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TEXANS HAVE ZERO DEPTH AT CORNER

Here's what Davante Adams' big day against the Texans really proved

Photo by Logan Riely/Getty Images

Seven weeks into the season, Bradley Roby has been the sole bright spot playing for a secondary that has been subpar at best. He entered Week 7 against the Green Bay Packers trailing only Eric Murray for the most tackles as a defensive back, while owning the Houston Texans' only interception of the season.

During his media availability on Thursday, Roby spoke about having the Texans' confidence to trust him as the primary defender shadowing the opposing team's best receiver.

And with Davante Adams coming to NRG Stadium with Aaron Rodgers on Sunday, Roby had an opportunity to illustrate why Houston's coaching staff have so much faith in him.

Three plays into the game, Roby sustained a knee injury that sidelined him the rest of the afternoon. In his absence, the Texans felt his importance competing with a depleted secondary.

Adams would go on to have a career day against the Texans. He recorded a career-best 196 receiving yards on 13-of-18 targets and two touchdowns — as the Packers handed the Texans a 35-20 loss on Sunday.

Had the Fort Worth native avoided the injury, would it have resulted in a victory for the Texans? Perhaps not. It is always hard for a team to come away victorious after going scoreless during the first half, but Roby would have limited the destruction caused by Adams. Rogers completed four deep passes where he recorded 28 or more yards, with Adams being the recipient of three.

Not only did Houston have to deal with the effects of not having their best corner shadow one of the league's premier receivers, but the team was not prepared to battle without Roby, according to Michael Thomas following the loss.

"When you lose your starting corner like that, it's going to affect [the team]," Thomas said. "Anytime you have to make adjustments. If you're not prepared, and you don't have the right mindset, then you're probably not going to get the right results you want. Maybe we could have done it a little sooner, but you definitely miss a guy like Roby. You plan on having your number one guy go against their number one guy all the time."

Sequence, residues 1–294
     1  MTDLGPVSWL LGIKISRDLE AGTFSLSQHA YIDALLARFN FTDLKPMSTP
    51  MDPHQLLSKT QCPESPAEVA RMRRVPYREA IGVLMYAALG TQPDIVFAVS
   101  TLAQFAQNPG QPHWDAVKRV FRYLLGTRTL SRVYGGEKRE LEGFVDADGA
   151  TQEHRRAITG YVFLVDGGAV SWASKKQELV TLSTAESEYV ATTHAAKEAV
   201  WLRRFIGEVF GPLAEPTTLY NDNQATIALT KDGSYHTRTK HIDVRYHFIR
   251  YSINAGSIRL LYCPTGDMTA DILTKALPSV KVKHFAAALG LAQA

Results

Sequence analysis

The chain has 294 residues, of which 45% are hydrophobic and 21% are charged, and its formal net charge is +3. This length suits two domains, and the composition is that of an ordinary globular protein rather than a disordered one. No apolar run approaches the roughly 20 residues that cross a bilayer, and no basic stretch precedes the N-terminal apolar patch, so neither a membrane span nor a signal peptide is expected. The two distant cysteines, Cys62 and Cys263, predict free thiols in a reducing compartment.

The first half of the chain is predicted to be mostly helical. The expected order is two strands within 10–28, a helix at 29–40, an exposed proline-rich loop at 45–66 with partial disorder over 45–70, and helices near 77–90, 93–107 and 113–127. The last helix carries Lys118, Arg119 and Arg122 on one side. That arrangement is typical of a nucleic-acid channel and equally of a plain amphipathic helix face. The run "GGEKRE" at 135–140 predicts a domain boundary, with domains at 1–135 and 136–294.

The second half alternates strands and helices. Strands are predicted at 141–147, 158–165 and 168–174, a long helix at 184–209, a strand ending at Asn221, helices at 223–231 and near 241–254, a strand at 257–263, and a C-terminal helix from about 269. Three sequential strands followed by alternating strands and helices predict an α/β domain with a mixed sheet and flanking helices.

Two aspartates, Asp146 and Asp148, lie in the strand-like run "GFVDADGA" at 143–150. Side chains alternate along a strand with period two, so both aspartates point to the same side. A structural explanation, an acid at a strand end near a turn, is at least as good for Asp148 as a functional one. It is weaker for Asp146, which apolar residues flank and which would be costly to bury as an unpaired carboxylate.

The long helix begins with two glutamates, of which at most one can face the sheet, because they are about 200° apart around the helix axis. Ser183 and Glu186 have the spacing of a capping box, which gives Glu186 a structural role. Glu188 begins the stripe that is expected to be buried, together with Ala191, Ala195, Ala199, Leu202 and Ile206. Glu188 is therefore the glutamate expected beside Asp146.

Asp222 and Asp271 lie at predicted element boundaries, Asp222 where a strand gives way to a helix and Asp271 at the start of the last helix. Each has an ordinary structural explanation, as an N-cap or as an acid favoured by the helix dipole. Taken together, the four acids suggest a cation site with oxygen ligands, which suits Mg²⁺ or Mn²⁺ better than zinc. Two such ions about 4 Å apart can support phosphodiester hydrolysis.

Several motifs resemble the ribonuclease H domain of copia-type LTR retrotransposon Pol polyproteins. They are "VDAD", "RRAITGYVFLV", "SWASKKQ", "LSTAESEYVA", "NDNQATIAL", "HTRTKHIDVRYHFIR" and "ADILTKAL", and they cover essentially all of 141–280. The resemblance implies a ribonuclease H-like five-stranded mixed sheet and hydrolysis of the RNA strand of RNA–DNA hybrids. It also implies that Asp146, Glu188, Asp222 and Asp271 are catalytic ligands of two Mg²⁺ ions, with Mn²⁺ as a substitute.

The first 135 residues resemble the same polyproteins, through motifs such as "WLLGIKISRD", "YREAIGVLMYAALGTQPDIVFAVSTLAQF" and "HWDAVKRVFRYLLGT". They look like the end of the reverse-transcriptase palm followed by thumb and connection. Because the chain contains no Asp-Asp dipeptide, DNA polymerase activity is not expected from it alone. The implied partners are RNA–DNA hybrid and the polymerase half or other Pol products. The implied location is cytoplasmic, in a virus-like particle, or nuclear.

Roby's premature exit left the Texans with a gaping void to slowdown Rodgers and the Packers without two of their projected starting corners. Gareon Conley — who revived his career during the second half of last season — has yet to play a single snap for Houston in 2020 as he continues to recover from offseason ankle surgery.

Their lackluster performance on Sunday showcased the lack of depth and talent the Texans have in the secondary. And with the trade deadline a week away, it may be in the Texans' best interest to invest in a young defensive back they can build around in the future — especially considering the timetable on Conley's return remains unknown.

Interim head coach Romeo Crennel said on Monday that the team is hoping Roby's injury is short-term and hopes to have their top corner make his return following the bye.

At 1-6 on the year, all the Texans have left to play for is pride as they close out the remaining nine games of the season, and the best way is to prevent another receiver from recording nearly 200 yards in a single game.

For this vulnerable secondary, it is a feat easier said than done. And with the talents of Jarvis Landry, T.Y. Hilton, and A.J. Brown remaining on the schedule, it is only best for Roby to make his return to the field sooner rather than later.

"I take pride in it. It's an opportunity that not a lot of guys get throughout the league, and I'm thankful for that. Just to be able to go against the best and try my best for the team and see how I match up. I'm very thankful for that." — Roby.